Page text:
Low vacancy rates and more interest in renting spur development.
If housing leads economies out of recession, things appear to be on the rebound in some of the western suburbs.
In 2011, Bloomington issued permits for 648 units of residential housing. That's the most in at least a decade, and more than 50 percent higher than any year since 2000.
Another trend is evident in the permit totals: The great majority are for multi-family housing. Just 24 of the new units permitted in Bloomington during 2011 were for single-family homes.
Similarly, St. Louis Park issued permits for 124 residential units during 2011 -- nine for single-family homes and the rest for senior apartments. Three more multi-family housing projects are underway this year, after none in 2009 and 2010.
City officials say they are not concerned about the low numbers of new single-family homes, noting that most of the western suburbs are fully developed for that type of housing. They say the growth in apartment developments is linked to a tight rental market, growth in the number of seniors looking for maintenance-free lifestyles and perhaps to a reluctance among people who could afford to buy a single-family home to take that leap in uncertain economic times.
"Society-wide, there's more interest in flexibility in housing," said Glen Markegard, manager of Bloomington's planning division. "Some feel it might be safer to rent, especially if their time horizon is short. They don't have to worry about eventually selling."
The lead time for getting financing for such developments can be fairly long, so some of the projects have been in the planning for a couple of years, said Kevin Locke, St. Louis Park's director of community development.
"But the combination of a strong rental market and an attractive location has combined to make it possible for us to see new housing development even through the recession," he said. "It does appear to be an upward trend in terms of pulling permits."
In contrast, in 2011 Eden Prairie issued only 32 permits, all for single-family homes. Building official Kevin Schmieg said that demand for multi-family housing in the city already had been fulfilled by developments in previous years.
"We're happy with the single-family numbers we have right now," he said. "We have a number of new developments coming on right now and expect more in the next year or two."
In Edina, permit activity last year was with single-family houses. Permits were issued for 62 single-family detached homes, the most since at least 2008 and almost triple the number for which permits were issued in that year. Almost all involve tear-downs of existing houses and replacements.
Steve Kirchman, chief building official, said Edina already has issued eight permits for single-family houses this year.
"We're on path for another good single-family year," he said.
It's been years since Golden Valley has had any multi-family housing developments, but City Planner Joe Hogeboom said the city has opened up areas near Interstate 394 to that type of development.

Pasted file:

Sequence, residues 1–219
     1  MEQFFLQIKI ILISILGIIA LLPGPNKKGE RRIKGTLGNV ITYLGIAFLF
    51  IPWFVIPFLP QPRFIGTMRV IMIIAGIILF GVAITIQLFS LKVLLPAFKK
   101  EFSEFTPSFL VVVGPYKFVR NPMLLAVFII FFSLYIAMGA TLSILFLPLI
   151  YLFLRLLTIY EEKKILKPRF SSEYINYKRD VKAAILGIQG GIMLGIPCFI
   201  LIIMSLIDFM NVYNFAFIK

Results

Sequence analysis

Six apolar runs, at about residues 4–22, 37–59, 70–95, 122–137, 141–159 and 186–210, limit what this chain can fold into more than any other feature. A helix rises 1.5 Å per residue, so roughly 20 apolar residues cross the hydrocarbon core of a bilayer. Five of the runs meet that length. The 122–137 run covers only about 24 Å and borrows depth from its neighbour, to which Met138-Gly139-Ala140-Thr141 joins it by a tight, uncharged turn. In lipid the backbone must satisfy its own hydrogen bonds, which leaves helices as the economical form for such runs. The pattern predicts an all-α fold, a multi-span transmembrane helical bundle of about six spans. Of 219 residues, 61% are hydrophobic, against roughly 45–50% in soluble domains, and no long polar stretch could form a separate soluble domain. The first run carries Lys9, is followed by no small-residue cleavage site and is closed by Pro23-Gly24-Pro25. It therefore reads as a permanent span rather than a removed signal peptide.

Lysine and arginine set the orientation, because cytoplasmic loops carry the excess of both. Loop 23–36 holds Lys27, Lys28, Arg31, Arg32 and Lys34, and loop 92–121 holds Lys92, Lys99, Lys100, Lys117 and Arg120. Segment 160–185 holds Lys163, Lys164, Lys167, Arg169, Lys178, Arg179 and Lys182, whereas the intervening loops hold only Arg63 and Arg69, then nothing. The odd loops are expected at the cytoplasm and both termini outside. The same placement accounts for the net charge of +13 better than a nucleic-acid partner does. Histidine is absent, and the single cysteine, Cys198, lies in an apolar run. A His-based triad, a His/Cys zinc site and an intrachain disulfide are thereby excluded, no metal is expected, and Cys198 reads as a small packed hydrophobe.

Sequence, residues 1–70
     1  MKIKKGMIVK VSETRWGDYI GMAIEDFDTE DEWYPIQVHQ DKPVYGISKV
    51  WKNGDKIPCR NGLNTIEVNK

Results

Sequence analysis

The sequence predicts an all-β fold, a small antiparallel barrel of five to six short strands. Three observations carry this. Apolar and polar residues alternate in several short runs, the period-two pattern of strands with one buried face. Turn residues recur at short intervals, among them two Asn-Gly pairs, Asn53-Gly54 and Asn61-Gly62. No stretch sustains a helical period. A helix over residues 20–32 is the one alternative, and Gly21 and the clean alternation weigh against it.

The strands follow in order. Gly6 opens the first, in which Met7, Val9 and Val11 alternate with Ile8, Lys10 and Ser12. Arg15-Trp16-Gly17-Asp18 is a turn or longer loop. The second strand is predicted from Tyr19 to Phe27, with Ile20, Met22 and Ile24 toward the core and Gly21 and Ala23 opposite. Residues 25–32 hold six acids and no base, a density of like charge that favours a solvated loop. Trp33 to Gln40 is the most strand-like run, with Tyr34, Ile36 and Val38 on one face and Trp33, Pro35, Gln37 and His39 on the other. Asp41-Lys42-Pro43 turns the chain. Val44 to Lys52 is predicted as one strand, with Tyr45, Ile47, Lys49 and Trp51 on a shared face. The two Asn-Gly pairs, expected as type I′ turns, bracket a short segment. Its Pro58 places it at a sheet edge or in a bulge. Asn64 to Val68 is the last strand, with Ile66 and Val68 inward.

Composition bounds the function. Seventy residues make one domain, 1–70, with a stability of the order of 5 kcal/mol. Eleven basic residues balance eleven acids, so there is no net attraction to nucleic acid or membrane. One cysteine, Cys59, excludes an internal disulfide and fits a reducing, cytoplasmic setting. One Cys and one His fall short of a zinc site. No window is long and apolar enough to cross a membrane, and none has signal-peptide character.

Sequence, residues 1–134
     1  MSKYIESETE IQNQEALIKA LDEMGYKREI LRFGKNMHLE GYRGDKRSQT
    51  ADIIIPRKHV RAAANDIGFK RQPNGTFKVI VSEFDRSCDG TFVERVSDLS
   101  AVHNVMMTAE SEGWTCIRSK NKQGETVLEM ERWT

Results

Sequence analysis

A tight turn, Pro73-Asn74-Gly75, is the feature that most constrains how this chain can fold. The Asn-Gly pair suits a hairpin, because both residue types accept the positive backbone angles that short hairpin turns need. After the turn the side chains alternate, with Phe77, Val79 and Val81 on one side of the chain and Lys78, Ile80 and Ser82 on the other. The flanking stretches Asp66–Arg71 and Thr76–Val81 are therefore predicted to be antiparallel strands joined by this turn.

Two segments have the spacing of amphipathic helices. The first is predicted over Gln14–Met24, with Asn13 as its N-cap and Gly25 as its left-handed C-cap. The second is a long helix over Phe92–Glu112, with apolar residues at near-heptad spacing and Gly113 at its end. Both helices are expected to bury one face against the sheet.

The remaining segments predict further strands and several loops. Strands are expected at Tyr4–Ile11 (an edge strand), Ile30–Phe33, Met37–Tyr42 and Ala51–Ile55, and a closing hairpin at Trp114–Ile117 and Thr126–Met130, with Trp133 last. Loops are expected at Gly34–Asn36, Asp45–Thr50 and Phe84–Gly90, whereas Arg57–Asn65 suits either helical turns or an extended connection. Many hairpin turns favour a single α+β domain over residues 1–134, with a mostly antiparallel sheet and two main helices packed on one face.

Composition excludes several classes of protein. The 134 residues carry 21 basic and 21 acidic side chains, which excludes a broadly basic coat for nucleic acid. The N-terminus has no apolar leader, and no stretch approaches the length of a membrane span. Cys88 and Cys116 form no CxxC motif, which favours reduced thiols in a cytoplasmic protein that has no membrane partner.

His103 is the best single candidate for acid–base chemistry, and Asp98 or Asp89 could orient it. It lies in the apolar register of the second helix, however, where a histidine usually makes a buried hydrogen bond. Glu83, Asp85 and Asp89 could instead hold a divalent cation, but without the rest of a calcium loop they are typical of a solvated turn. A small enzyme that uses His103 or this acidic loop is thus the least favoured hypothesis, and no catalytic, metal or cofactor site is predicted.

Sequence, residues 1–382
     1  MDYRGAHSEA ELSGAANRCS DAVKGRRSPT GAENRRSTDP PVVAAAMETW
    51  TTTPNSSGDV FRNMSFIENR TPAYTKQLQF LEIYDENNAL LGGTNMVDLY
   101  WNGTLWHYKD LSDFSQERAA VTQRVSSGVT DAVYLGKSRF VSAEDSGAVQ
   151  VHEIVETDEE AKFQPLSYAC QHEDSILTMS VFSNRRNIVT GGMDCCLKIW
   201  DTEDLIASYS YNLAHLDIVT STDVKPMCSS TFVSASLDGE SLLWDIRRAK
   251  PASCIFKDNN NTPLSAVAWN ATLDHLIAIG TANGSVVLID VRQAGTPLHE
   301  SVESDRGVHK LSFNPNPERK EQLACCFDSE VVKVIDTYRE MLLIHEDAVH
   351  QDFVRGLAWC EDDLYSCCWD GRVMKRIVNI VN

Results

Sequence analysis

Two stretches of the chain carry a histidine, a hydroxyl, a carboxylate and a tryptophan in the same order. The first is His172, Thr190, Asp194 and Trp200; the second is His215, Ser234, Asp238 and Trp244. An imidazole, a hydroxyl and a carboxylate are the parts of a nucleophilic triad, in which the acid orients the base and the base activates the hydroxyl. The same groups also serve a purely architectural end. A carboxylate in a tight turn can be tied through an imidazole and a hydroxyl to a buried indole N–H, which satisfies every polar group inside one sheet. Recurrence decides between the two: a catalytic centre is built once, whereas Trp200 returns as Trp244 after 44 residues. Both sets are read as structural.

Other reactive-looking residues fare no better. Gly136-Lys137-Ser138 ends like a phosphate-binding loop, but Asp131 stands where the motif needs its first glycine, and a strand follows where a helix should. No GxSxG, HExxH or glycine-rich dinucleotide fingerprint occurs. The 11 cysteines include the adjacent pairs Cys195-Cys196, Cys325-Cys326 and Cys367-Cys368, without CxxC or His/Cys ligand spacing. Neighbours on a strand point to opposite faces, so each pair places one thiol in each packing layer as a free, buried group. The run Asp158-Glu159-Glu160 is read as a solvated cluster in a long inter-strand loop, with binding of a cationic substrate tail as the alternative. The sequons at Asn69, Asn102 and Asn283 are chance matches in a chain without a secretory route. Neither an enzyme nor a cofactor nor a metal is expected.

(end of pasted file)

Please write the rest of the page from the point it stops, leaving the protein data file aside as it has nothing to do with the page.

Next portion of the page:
"There is interest in a senior building and non-senior luxury apartments," he said. "Plans can change ... [but] these are to be geared to people already in the area who are maybe looking for an easier lifestyle and low maintenance."
The apartments that are being built in Bloomington and St. Louis Park also are aimed at seniors or are higher-end developments. The market exists for that kind of housing, Markegard said. Another 250-unit upscale apartment development is waiting in the wings, he said.
"It's been many years since there was upper-end rental housing developed in Bloomington," he said. "On the demand side, we're seeing a lot more one- and two-person households than in the past. Vacancy rates are low."
The biggest new project in Bloomington is the three-story, 282-unit Luxembourg at 82nd St. and Stanley Av. In the Penn American area near Southtown, the Genesee will have 234 units in three buildings that range from four to eight stories high. That development includes 14,000 square feet of ground-floor retail space.
The other large project that was permitted in Bloomington last year is Founders Ridge, which will have 105 units in the first phase of a senior development that eventually may reach 240 units. That Presbyterian Homes development is in west Bloomington on land that was once owned by Bethany College of Missions.
"A lot of other market segments do not look strong, like retail and office," Markegard said. "It is strong in senior housing right now."
Several suburbs also reported a boom in permits for home additions, decks and remodeling projects. Recession may be encouraging people to stay where they are, and they're improving their homes instead of selling and moving.
"It's good to see those numbers climb," said Golden Valley's Hogeboom. "We want people to focus on improving the existing housing stock."
Mary Jane Smetanka • 612-673-7380